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2021 Ford Explorer Timberline Prototypes Spied Testing Completely Uncovered

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Back in July, Ford Authority spied what appeared to be some sort of off-road variant prototype of the Ford Explorer out testing. Then, we came across yet another prototype of what we thought might be an FX4 variant of the popular crossover in September. Just one month later, we reported that the Explorer would be gaining two new trim levels for the 2021 model year – King Ranch and Timberline. Now, we’ve spotted a pair of 2021 Ford Explorer Timberline prototypes out testing, completely uncovered.

The previous prototypes we’ve seen testing wore heavy camouflage covering the front and rear fascias, and now we know why. The 2021 Ford Explorer Timberline features revised styling in those areas that differentiates it from the regular model, particularly up front, where there’s a unique grille design with a single bar that runs the entire width of the grille.

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The “Explorer” script that typically runs across the bottom of the hood is gone as well, while the foglights are a completely new design. Instead of the thin, rectangular units present on the regular Explorer, the Timberline has more rugged, square fog lights. The lower grille features a different design intended to improve the crossover’s approach angle, and is punctuated by an orange “line,” similar to the one present on the 2021 Ford F-150 Tremor, along with a set of matching tow hooks.

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Moving down the side, the Timberline wears a set of what appears to be 18-inch black wheels that look similar to the ones available on the Ford Bronco Sport Badlands, which are wrapped with beefy Bridgestone Dueler all-terrain tires. The rear bumper has been revised as well, presumably to improve the Timberline’s departure angle, and its dual exhaust has been tucked underneath for the same reason.

Perhaps most interestingly, the Timberline wears a “4WD” badge on the rear liftgate, even though the Explorer comes with an all-wheel-drive configuration. Finally, there are additional badges present on the C-pillar and liftgate of the blue model, which have been covered up.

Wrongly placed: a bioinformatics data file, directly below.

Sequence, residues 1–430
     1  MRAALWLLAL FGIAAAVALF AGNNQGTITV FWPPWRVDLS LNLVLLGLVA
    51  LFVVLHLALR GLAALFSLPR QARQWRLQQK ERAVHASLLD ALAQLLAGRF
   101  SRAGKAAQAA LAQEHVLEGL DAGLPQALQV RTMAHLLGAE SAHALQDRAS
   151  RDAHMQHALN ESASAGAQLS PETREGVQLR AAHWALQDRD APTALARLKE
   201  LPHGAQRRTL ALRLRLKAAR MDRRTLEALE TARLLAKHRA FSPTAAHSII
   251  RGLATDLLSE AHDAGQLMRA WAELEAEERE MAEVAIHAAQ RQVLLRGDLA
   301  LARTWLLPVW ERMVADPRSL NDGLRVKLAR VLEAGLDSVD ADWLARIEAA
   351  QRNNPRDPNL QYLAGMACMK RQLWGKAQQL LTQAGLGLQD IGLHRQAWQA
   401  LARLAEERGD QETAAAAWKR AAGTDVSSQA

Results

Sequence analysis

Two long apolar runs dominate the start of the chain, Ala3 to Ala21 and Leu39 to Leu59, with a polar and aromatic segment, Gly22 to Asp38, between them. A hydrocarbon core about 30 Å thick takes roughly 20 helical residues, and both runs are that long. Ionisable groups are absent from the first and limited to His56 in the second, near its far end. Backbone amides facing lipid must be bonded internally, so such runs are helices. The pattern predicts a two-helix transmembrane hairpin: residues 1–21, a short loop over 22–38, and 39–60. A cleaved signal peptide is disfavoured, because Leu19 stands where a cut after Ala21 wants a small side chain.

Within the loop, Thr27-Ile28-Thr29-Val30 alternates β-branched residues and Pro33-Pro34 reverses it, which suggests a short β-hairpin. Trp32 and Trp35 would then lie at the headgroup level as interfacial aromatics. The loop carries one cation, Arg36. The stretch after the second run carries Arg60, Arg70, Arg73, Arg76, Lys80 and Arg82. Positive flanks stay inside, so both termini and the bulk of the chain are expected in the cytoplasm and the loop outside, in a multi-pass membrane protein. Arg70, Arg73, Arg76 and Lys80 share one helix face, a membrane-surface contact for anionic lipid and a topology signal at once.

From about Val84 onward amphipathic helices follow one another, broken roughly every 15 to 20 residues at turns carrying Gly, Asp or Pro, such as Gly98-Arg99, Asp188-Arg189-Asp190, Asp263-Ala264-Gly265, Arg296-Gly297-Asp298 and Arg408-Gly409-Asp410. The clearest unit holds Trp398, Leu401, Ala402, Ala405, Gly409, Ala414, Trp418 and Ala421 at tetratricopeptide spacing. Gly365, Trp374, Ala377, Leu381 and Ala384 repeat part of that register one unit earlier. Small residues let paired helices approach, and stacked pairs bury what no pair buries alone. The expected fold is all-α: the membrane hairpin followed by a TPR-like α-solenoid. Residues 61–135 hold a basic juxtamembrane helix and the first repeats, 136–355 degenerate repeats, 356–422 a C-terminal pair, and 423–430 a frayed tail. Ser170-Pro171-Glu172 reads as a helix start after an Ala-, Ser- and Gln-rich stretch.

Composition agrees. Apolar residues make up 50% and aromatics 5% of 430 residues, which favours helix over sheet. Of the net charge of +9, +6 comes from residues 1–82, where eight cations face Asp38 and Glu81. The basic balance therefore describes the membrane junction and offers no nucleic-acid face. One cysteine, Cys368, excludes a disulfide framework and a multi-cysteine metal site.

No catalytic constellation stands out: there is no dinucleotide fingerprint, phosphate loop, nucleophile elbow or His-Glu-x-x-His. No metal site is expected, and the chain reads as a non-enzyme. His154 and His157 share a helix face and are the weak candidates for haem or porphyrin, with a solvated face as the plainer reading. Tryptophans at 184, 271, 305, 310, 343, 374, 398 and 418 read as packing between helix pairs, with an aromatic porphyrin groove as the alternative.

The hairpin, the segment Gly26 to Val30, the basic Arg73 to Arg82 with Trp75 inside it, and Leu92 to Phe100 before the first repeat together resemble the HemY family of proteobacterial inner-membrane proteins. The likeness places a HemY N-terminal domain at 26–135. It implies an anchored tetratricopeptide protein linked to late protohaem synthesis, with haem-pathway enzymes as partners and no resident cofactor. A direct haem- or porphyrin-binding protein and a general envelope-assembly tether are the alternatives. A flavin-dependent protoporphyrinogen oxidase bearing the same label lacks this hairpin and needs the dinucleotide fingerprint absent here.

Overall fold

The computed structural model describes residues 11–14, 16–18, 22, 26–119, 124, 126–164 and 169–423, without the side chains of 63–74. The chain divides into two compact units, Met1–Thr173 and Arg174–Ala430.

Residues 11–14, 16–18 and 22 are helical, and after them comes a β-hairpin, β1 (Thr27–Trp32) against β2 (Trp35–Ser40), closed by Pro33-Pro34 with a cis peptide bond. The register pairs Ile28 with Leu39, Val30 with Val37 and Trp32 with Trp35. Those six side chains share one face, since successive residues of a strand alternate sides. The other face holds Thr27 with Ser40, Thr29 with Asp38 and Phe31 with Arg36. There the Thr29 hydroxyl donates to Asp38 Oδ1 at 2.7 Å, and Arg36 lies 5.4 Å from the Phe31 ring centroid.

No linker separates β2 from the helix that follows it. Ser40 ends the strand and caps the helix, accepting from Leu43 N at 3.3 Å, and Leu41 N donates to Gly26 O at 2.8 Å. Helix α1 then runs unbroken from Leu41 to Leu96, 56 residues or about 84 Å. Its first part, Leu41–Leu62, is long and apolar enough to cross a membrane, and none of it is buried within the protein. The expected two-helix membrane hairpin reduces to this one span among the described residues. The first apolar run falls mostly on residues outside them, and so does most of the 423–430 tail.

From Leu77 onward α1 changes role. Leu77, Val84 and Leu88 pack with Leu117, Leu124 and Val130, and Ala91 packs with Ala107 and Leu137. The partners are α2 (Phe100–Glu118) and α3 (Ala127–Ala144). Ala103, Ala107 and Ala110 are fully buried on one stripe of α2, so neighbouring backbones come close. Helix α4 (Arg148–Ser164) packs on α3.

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FoMoCo filed to trademark “Timberline” on January 11th, 2018, for the goods and services category of motor vehicles, namely, passenger automobiles, trucks, sport utility vehicles, off-road vehicles, and structural parts, trim, and badges, therefore.

We expect the Explorer Timberline to launch very soon for the 2021 model year as a rugged version of Ford’s long-running crossover, essentially as an off-road-focused version of the Explorer ST. Like all other Explorer variants, it will be produced at the Ford Chicago Assembly Plant.

We’ll have more on the Explorer Timberline very soon, so be sure and subscribe to Ford Authority for more Ford Explorer news and continous Ford news coverage.

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Written by Brett Foote

Brett's lost track of all the Fords he's owned over the years and how much he's spent modifying them, but his current money pits include an S550 Mustang and 13th gen F-150.

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8 Comments

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  1. Ford, Lincoln, and Jim Farley need to focus on working out all the bugs that plague the Explorer and Aviator, before being out any new models

    • The Explorer and Aviator is one of Ford and Lincoln’s most popular vehicles. I would expect that they worked out the majority of the problems for 2021 model if not then the 2022 model. If they don’t fix the issues it could seriously damage their sales and reputation.

  2. Hoping for any off-road tech in this Explorer version as well. Maybe an “advance all terrain management” with rock crawling won’t be bad. Wondering if it will get Sync 4 or a new screen like the 2021 Edge and Expedition too.

  3. The King Ranch trim surprises me as it was only normally used for the F-150, Super Duty, and Expedition. Seems like they’re trying to fill the gap with the absence of the Eddie Bauer trim along with attempting to answer to former Explorer owners who have criticized Ford for making the vehicle more car like.

    Anyhow, if Ford really wants to offer a more off-road capable Explorer, then fix the quality issues first, then return it to a body on frame design which offers a higher ground clearance and authentic 4WD over AWD. I would avoid taking the newer Explorers off-road anyway due to limited ground clearance and lack of a low range gear which the older models once had available.

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